Saturday, June 28, 2014

Argentina and the vulture funds after the Friday round

Nixon-appointed zombie federal Judge Thomas Griega ruled Argentina's payments to the accounts for its payments due Monday on renegotiated debt can't be paid to the bondholders. But he didn't embargo/freeze the funds.

Thomas Griesa, Nixon-appointed federal judge who's trying to force Argentina into default

Argentina's move caught the Nixon zombie judge by surprise. He suggested to the Bank of New York, which holds the payment funds, that they return the money to Argentina. But when Argentina deposited the payment amounts due June 30, they were making a bond payment under the terms of the debt restructuring arrangements that cover some 92% of the debt defaulted in 2002. So Argentina is saying, forget it, we made the payment we were legally required to make under the terms of the debt agreements, so the money isn't even ours any more. The Nixon zombie judge said that the payment of $1B or so that Argentina made was illegal.

Página/12 reports in Griesa les obstruyó el cobro a los bonistas 28.06.2014 calls it an "audaz jugada que desorientó al propio Griesa, quien se abstuvo de ordenar un embargo de estos fondos y de declarar al país en desacato" ("audacious play that disoriented Griesa himself, who refrained from ordering an embargo of these funds and from declaring the country in contempt.")

The vulture funds at Friday's hearing before the Nixon zombie judge were demanding that Argentina be held in contempt of court, because the Nixon zombie judge's ruling that the Roberts Supreme Court allowed to go into effect by declining to hear Argentina's appeal requires Argentina to pay the vulture funds before paying the holders of the restructured debt. From Página/12:

El juez distrital sólo se limitó a aconsejar al BoNY devolverle los fondos al país, un terreno inexplorado en materia de pago de deuda. Según la interpretación que realizan en Economía, los fondos depositados en el BoNY ya pertenecen a los bonistas y no al Estado argentino. “La Argentina ya pagó”, resaltan cerca del ministro de Economía, Axel Kicillof. “En una insólita e inédita decisión, el juez Griesa pretendió anular el pago ya realizado por la Argentina en cumplimiento de los prospectos, los contratos con sus acreedores de la reestructuración y de la ley argentina”, señaló Economía a través de un comunicado. El país tiene un mes más para negociar una solución antes que se declare default técnico en caso de que no se liberen los fondos.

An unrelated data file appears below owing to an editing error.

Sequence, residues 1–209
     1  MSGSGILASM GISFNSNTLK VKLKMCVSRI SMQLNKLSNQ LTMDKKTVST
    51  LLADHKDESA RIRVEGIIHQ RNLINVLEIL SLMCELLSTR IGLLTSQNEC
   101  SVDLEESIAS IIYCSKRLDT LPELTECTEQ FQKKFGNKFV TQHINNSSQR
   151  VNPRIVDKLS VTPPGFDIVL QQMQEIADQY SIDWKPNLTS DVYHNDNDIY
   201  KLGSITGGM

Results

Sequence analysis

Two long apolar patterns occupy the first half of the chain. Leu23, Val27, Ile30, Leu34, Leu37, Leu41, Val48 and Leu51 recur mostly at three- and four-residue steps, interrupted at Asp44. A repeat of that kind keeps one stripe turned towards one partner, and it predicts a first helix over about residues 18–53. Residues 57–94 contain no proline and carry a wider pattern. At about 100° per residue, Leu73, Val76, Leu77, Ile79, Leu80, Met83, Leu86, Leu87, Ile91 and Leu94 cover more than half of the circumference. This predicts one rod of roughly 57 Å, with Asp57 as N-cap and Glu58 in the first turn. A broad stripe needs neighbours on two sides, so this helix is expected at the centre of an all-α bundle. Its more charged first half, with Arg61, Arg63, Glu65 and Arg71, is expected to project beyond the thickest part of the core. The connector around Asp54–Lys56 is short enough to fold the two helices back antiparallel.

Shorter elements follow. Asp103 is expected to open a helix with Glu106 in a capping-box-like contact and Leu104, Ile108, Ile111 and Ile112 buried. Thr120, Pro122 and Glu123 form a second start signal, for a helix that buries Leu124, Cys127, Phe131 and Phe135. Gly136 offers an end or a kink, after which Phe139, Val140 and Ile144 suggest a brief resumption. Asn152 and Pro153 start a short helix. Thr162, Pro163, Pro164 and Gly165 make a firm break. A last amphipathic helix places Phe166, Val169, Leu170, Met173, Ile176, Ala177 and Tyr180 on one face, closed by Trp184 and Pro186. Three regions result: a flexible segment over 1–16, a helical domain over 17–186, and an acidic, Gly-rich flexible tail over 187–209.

[The district judge [Griesa] simply limited himself to recommending to BoNY that they return the {deposited} funds to the country, a terrain unexplored in matters of debt payment. According to the interpretation made by the Ministry of Economics, the funds deposited in BoNY belong to the creditors and not to the State of Argentina. "Argentina has already paid," responded someone close to the Economics Minister, Axel Kicillof. "It is an insolent and unprecedented decision. Judge Griesa is attempting to annul the payment already made by Argentina in compliance with the prospects, the contracts with its creditors of the restructuring and with Argentine law," the Economics Ministry pointed out in a communication. The country has an additional month to negotiate a solution before it is declared in technical default in the case that the funds aren't freed up.]